I love to cook, bake, and share my favorite recipes. Food brings our families together to talk, celebrate, and create memories.
Trust Me . . . It's So Much Better Than It Sounds!
If you have a bundt pan taking up space in your pantry, pull it off the shelf and put it to good use by making this cake, whose original recipe title is Priscilla's Perfectly Pleasing Holiday Prune Cake. Oh, all right, I hear those groans as you say: “Prune cake? That's sounds awful!” But before you go making hasty judgments and equating this recipe to everybody's least favorite holiday dessert—fruitcake—please give me a few moments to change your mind!
Let's Make a Bundt Cake!
|Prep time||Cook time||Ready in||Yields|
1 hour 15 min
8 slices of cake
- 1 cup oil
- 1 1/2 cups sugar
- 3 eggs
- 1 teaspoon vanilla
- 1 cup buttermilk
- 2 cups flour, sifted
- 1 teaspoon cinnamon
- 1 teaspoon salt
- 1 teaspoon soda
- 1 teaspoon allspice
- 1 teaspoon nutmeg
- 1 cup pitted prunes, cooked until soft, mashed
- 1 cup nuts, chopped
Step 1: Make the Cake
- Preheat oven to 350°F.
- Generously grease and flour a bundt pan.
- Place prunes in boiling water until softened. Drain. Mash.
- Combine all the ingredients in a large bowl and mix. Pour into prepared bundt pan and place in oven. While the cake is baking, make the glaze.
- Bake for 45 minutes at 350°F. Stick a toothpick into the cake. If it comes out clean, the cake is done!
Step 2: Make the Glaze
- 1 cup sugar
- 1/2 cup buttermilk
- 1/2 teaspoon soda
- 1 tablespoon white corn syrup
- 1 stick margarine
- Mix glaze ingredients in a large saucepan. Cook together until the margarine melts and the mixture boils. It will change to a darkish brown or form a soft ball.
- When the cake comes out of the oven, prick it all over with a fork.
- Pour glaze over warm cake.
This Recipe Is Truly Transcendent
Making this moist, delicious, and unique bundt cake has become a holiday tradition in my family. When I was eight years old, my 73-year-old grandfather married a 71-year-old woman whom he characterized as both “well-preserved” and “well-heeled.” After their marriage, we began to spend the holidays with grandpa's new wife, her extended family, and their wide circle of wealthy friends. Our simple Christmas traditions that I had cherished—opening presents while eating cinnamon rolls and drinking hot cocoa, staying in our pajamas until noon, and playing with our new toys, games, and bikes all day at home—came to an abrupt end.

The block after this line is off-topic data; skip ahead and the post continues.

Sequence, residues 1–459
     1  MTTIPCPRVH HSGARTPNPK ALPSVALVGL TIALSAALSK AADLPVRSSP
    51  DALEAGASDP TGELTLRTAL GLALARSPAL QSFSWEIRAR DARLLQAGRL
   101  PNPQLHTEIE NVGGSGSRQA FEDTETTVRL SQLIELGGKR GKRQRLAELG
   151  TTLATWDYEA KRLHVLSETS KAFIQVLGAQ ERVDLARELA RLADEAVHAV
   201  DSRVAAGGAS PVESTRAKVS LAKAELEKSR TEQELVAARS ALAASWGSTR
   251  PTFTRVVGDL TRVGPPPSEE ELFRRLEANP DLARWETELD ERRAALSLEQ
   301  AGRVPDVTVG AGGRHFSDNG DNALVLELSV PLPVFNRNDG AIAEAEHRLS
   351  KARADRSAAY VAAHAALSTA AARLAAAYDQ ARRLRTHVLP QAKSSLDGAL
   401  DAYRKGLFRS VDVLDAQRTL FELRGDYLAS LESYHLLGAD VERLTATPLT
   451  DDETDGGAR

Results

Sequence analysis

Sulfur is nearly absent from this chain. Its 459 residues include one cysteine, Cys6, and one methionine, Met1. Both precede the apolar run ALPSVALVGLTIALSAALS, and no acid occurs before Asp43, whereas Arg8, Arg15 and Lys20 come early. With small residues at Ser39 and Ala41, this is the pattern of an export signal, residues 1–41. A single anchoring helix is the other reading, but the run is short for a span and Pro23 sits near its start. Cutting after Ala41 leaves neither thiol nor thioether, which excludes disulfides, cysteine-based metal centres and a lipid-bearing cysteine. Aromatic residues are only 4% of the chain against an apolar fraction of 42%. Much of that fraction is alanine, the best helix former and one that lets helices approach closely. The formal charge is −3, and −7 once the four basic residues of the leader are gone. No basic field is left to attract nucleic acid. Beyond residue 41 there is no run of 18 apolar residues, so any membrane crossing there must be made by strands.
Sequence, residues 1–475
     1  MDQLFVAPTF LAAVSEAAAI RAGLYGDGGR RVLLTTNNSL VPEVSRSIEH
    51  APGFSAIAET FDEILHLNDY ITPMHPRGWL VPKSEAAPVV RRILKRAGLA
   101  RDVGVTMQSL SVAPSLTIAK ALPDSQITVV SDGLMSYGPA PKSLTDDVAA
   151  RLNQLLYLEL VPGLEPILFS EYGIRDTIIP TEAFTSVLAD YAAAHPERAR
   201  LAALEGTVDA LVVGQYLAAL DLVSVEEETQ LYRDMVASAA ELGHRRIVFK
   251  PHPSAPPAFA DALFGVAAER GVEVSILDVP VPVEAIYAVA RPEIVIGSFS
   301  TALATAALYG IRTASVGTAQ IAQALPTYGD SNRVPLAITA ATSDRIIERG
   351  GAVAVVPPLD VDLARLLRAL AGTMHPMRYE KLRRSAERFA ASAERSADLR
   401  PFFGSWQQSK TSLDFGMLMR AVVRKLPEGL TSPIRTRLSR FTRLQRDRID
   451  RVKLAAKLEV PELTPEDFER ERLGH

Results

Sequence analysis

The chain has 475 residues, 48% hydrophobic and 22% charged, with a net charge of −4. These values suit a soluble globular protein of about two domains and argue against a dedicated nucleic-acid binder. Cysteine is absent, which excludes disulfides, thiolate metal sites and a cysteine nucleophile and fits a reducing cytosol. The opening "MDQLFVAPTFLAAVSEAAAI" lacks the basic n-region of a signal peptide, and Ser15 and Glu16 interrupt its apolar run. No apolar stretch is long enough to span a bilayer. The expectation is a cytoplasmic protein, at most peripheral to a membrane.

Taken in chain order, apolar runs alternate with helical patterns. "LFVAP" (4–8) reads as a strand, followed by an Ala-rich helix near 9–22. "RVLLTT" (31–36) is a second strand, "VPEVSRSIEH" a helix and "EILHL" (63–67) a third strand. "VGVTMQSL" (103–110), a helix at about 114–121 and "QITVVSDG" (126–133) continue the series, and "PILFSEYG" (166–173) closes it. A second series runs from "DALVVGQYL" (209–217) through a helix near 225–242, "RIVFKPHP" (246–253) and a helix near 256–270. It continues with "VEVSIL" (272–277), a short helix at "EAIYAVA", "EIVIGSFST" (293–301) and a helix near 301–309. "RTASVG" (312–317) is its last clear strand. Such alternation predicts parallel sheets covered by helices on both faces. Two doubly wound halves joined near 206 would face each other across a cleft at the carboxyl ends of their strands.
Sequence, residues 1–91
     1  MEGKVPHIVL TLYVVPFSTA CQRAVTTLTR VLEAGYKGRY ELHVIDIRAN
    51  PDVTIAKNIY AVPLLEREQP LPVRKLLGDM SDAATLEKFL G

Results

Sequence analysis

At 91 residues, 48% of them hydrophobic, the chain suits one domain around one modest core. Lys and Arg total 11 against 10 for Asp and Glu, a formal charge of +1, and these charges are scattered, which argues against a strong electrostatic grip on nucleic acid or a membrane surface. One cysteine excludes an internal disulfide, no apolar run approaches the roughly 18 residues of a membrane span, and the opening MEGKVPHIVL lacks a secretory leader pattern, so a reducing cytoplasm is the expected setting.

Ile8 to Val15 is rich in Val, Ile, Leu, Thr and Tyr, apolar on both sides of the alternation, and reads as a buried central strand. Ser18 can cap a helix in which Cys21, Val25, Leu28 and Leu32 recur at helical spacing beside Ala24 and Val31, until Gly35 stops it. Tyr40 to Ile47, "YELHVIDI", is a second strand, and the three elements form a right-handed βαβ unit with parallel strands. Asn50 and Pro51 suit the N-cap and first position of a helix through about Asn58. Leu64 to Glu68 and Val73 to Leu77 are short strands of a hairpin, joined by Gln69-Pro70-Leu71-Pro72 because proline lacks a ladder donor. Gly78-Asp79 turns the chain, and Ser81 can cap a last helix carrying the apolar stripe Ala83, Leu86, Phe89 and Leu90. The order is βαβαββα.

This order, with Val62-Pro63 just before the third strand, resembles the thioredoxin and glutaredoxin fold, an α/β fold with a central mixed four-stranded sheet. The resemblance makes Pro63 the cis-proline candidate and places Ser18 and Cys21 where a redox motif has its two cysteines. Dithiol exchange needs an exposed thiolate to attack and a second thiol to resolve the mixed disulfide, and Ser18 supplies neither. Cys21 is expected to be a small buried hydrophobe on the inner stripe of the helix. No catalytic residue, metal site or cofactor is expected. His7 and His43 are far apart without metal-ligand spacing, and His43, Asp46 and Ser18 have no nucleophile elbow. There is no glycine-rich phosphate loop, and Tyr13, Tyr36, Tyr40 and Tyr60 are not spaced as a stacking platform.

Christmas was now a strictly formal affair as we gathered at a stately mansion with caterers cooking and serving the meal. Most everyone in attendance was a senior citizen, drinking alcohol in excess and trying to outdo one another with tales of their recent travels. My three siblings and I were left alone to entertain ourselves. I felt an overwhelming nothingness—a void where the holly, jolly goodwill on earth feelings should have been. Today, four decades later, I'm so happy to celebrate the holidays with just my husband and two sons—at our little home, enjoying our simple family traditions.
Looking back on those miserable Christmases at the mansion, I remember only one with fondness. A young woman on the catering staff saw my sadness, took pity on me, and reached out to help in a way I'll always remember. She took me into the enormous chef's kitchen and tied an oversized apron around my waist. She explained that we were about to tackle the most important job of all: making the Christmas Day dessert, Priscilla's Perfectly Pleasing Holiday Prune Cake!
This total stranger made me feel so special and showed me the true meaning of Christmas. That's why this bundt cake recipe means so much to me—why it transcends being just a yummy morsel. It's not only elegant, unique, and scrumptious; it represents sharing the best of yourself. No matter how you spend your holidays—in a stately mansion or a cabin in the woods—it will make them extra special.
What Do You Think?
Questions & Answers
Question: I have a couple of questions. I made this bundt cake yesterday and it was really yummy, How long do you cook the glaze, it took a bit to turn brown, then it seemed thick. Do you take the cake out of the pan and then glaze the top or do you glaze before removing from the pan? I did the former and the glaze kind of stayed on top.
Answer: I'm glad you enjoyed the cake. Yes, it sounds like you cooked the glaze too long and it was too thick. You want to pour it on when the cake comes out of the oven and is still in the pan.
© 2015 McKenna Meyers